The intimate PSI Theatre at Durham Arts Council felt like the perfect space to experience the soul vibrations of Brandee Younger, along with Chelsea Baratz on tenor sax, Dezron Douglas on bass, and Otis Brown III on drums.
The band played a medley of Alice Coltrane and Dorothy Ashby, original compositions from Wax and Wane, and pieces she selected to play first and reveal afterwards, inviting the audience to guess the tunes. One was If it’s Magic by Stevie Wonder, a favorite of hers, as she states in conversation with Obvious Magazine, it is “one of those songs that makes you question everything and also feel hopeful regardless of circumstance. It’s about spreading the love.” The spread was inviting, with a warm backdrop where melodies could dance, and the audience could cozy up.
Durham Arts Council utilizes the space in PSI Theatre for various arts performances, film screenings, and community meetings. Over 3,400 folks of all ages flock to the building to attend Durham Arts Council School, a community education program for visual and performing arts, providing over 700 courses throughout the year, including summer camps for kids ages 5 to 12.
The next stop for the harpista was another community-based event, the culmination of Harp on Park, a concert series commissioned by Arts Brookfield. The organization presents free cultural experiences in public spaces at Brookfield’s properties around the world, to support creativity and innovation in music, dance, theater, film, and visual art.
Younger curated and assembled the 4-concert series exploring the ways harp is used in the 21st century to showcase the flexibility of the instrument, “I thought about who is doing something different, challenging the status,” she said to Village Voice, “and while classical harpists are a dime a dozen, the ones [who play other genres] aren’t. It’s a bold thing.”.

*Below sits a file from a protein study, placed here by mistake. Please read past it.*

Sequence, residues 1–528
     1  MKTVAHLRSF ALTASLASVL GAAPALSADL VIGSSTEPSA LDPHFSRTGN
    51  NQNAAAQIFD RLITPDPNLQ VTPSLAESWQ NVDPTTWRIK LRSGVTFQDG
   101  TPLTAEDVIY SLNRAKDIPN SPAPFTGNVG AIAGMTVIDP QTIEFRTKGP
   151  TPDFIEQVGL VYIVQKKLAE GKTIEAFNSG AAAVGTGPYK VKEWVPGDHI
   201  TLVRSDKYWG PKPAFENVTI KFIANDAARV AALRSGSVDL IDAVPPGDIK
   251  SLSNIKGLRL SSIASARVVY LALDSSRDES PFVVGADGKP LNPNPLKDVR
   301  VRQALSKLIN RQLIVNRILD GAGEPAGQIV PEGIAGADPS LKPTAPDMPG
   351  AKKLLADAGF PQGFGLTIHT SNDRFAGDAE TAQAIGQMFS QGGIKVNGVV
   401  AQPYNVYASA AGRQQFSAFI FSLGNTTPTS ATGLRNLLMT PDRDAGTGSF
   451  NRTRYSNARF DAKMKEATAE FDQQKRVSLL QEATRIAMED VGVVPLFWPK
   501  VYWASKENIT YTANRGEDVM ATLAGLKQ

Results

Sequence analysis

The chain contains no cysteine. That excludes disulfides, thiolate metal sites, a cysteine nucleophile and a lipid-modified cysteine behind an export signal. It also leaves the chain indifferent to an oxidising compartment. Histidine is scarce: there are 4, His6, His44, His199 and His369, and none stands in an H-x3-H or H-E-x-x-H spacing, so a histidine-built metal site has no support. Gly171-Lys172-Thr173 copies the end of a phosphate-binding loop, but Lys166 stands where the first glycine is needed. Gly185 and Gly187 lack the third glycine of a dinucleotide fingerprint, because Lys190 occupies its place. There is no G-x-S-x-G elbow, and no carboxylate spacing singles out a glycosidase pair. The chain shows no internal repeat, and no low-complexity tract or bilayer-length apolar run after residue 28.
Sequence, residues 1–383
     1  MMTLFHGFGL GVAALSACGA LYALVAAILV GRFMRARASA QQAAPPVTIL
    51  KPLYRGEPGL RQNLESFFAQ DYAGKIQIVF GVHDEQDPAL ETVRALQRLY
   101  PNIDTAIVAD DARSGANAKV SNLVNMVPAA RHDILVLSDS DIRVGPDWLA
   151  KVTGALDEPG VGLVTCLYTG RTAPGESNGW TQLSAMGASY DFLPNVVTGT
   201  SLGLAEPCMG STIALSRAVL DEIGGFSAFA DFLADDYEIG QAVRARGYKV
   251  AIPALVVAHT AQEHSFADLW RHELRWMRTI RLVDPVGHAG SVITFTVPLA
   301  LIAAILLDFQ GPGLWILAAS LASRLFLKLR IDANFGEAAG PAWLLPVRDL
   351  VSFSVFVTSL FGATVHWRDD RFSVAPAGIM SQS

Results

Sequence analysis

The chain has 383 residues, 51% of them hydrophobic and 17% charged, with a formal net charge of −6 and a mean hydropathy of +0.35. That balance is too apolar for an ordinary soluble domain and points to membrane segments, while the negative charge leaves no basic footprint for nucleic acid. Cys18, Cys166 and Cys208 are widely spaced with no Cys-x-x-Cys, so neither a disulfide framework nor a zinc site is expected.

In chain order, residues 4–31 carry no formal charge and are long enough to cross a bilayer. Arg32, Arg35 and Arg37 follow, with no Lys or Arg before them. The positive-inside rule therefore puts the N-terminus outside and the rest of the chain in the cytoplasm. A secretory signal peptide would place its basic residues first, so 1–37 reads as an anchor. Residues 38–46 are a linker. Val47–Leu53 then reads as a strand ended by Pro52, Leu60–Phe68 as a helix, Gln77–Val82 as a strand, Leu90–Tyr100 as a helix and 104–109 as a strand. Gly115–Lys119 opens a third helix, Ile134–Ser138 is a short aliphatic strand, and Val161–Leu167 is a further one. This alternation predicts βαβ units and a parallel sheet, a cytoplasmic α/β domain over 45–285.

The “hybrid harpist” embodied that boldness here in Durham for the Art of Cool Festival. Younger collaborates throughout the community of creators, with Lauryn Hill, Ryan Leslie, Talib Kweli, Common, and Ravi Coltrane – under whose creative direction she collaborated in Universal Consciousness, a recent tribute to Alice Coltrane. While reaching across genres and forging her own style – as we witnessed at Durham Arts Council – Younger projects the rich musical traditions of Coltrane and Dorothy Ashby.
Altogether, the music and works of Brandee Younger provide a smooth lesson in the vitality of past and future collaboration in both jazz and community.
If you’re in New York this summer, Brandee Younger will be around for several shows starting June 7. For community arts programming (like Harp on Park) in New York, check out The Swings: An Exercise in Cooperation from June 10 to July 7. The installation is sponsored by Arts Brookfield and designed by Daily tous les jours, an interaction design studio with a focus on participation by empowering people to have a place in the stories that are told around them.